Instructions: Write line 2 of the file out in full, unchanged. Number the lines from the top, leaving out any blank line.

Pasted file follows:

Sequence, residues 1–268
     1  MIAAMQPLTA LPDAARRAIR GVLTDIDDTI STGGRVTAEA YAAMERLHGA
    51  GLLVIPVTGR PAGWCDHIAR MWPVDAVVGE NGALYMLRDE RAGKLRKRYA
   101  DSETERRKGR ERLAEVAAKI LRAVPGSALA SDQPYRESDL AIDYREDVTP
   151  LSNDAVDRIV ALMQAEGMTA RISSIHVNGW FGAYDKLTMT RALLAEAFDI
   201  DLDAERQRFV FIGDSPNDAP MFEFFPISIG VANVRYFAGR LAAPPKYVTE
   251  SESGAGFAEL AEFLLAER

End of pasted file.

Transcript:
     1  MIAAMQPLTA LPDAARRAIR GVLTDIDDTI STGGRVTAEA YAAMERLHGA